Penicillin (or erythromycin in the case of allergy) is prescribed to all infants from the age of 3 months to prevent overwhelming pneumococcal sepsis. [1,2] Other infections, for example chest infection or osteomyelitis (infection of the bone) are treated with the appropriate antibiotic.

Immunisations

All infants should receive immunisations according to the universal schedule. In addition, those with sickle cell disease should receive extra vaccinations against Meningitis (Men ACWY) and Pneumococcus (PPV). The latter is given 5 yearly throughout life.

Painkillers

Mild to moderate painful episodes may be managed with over-the-counter painkillers like ibuprofen and paracetamol which should be taken regularly until the episode is over. It is sometimes necessary to go to hospital for severe pain as stronger painkillers such as opiates may be needed.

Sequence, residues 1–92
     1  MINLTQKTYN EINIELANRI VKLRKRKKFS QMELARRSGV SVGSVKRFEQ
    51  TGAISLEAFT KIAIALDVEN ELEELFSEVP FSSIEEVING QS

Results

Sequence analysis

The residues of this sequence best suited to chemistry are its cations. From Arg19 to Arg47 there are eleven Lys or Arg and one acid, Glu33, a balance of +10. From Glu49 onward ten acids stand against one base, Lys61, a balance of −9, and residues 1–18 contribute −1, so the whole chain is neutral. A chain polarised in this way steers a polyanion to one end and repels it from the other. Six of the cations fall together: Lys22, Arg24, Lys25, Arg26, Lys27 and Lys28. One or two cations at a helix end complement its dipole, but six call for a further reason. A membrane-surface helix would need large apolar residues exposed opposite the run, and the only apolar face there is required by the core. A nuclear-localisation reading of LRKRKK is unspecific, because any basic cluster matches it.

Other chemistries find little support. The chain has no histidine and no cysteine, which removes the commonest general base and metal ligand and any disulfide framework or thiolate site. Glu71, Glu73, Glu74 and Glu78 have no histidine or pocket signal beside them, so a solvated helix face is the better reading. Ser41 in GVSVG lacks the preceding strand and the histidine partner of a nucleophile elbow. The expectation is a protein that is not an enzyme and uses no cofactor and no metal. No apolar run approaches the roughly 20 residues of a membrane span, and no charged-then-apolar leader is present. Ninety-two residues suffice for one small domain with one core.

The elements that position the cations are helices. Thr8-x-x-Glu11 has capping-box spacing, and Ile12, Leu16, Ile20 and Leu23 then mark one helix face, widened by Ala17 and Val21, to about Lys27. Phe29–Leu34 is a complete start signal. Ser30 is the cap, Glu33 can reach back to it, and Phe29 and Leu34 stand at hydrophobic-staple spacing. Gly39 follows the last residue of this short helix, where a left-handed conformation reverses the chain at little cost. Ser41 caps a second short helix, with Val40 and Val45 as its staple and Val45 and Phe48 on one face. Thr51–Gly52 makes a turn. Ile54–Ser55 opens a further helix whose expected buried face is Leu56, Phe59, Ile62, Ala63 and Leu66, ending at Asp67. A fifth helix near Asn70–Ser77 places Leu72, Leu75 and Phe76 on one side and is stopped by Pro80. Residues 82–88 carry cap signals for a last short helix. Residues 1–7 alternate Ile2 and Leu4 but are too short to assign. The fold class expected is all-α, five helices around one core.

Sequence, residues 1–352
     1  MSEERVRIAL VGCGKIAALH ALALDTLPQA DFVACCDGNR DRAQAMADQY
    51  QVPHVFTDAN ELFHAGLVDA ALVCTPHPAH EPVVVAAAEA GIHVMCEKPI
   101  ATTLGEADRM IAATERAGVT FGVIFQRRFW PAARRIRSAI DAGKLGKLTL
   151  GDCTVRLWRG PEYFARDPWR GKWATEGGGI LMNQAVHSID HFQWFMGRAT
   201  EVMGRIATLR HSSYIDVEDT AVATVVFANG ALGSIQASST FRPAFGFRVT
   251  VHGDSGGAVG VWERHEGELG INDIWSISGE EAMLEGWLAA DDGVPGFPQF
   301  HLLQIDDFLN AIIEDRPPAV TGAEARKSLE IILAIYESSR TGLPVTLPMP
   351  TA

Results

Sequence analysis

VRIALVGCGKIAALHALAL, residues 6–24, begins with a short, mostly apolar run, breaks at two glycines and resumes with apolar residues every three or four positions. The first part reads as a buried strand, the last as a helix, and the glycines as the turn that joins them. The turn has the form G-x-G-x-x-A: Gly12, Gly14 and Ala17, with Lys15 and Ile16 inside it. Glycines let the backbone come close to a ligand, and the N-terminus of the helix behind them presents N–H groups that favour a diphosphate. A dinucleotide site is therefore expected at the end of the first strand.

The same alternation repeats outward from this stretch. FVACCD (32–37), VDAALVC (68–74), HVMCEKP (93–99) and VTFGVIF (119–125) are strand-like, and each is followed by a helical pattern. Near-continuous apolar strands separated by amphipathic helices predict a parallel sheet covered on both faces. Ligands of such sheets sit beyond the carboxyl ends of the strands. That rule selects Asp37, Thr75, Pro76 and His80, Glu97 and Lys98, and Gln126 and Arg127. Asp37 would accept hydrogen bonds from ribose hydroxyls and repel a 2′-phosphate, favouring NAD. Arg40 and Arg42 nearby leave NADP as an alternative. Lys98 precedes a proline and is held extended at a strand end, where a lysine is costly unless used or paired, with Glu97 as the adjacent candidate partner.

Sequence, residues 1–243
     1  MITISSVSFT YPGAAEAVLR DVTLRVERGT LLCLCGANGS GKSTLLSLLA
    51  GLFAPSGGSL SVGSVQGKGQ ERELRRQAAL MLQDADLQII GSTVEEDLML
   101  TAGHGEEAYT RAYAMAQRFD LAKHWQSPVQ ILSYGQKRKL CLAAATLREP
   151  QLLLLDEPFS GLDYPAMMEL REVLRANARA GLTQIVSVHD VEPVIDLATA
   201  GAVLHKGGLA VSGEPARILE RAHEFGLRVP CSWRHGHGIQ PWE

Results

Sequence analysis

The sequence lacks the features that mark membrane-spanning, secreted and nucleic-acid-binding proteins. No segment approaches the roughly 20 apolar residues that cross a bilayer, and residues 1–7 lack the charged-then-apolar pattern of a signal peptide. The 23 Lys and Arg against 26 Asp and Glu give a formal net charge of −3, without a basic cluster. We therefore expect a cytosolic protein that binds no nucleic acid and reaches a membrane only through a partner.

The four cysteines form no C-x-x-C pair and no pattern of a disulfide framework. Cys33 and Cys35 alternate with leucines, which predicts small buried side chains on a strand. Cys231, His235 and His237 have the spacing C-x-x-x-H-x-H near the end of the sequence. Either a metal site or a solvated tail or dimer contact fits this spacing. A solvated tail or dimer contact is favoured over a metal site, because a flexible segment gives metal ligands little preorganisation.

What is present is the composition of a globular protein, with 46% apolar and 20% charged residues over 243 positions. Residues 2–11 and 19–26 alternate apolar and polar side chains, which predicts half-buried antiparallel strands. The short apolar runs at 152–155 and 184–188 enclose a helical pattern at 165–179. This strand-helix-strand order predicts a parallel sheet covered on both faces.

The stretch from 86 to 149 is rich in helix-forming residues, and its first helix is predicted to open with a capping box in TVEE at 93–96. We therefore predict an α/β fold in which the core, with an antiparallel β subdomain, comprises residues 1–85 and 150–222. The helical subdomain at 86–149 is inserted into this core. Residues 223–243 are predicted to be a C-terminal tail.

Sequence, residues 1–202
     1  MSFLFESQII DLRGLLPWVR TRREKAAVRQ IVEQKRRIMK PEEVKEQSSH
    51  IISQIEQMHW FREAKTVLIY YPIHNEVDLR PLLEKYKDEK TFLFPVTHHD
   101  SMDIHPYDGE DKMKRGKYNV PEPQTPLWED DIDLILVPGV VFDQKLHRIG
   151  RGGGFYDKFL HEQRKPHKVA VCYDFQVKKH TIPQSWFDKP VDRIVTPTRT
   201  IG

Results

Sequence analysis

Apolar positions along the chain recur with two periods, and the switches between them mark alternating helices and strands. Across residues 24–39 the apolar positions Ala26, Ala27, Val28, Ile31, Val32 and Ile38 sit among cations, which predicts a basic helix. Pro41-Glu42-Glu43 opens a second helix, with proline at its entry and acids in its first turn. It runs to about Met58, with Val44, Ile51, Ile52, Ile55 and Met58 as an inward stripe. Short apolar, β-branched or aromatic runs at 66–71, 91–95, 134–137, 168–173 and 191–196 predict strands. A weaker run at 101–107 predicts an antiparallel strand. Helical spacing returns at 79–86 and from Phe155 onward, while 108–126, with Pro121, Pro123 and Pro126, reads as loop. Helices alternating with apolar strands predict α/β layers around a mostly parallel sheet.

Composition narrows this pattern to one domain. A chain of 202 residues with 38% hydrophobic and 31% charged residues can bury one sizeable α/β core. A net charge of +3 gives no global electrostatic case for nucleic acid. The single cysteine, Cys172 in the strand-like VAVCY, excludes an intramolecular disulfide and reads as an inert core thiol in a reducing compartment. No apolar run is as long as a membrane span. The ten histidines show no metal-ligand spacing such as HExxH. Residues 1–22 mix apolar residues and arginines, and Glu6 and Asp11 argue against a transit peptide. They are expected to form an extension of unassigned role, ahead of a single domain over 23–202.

Blood Transfusions

Blood transfusions are used in the management of sickle cell disease in different ways. In the case of a sudden drop in haemoglobin, such as acute splenic sequestration or aplasia due to parvovirus infection, a simple top-up of non-sickle cell blood is given. In acute emergencies, such as stroke or acute chest syndrome, an exchange blood transfusion is needed to reduce the amount of sickle cells in the blood. Regular, usually monthly, blood transfusions are indicated in the long-term management of stroke or if there is no response to other medications such as hydroxycarbamide (see below). Blood transfusions come from donated blood, which is collected, carefully tested for infections such as hepatitis and HIV, and then closely matched to the recipient to prevent reactions.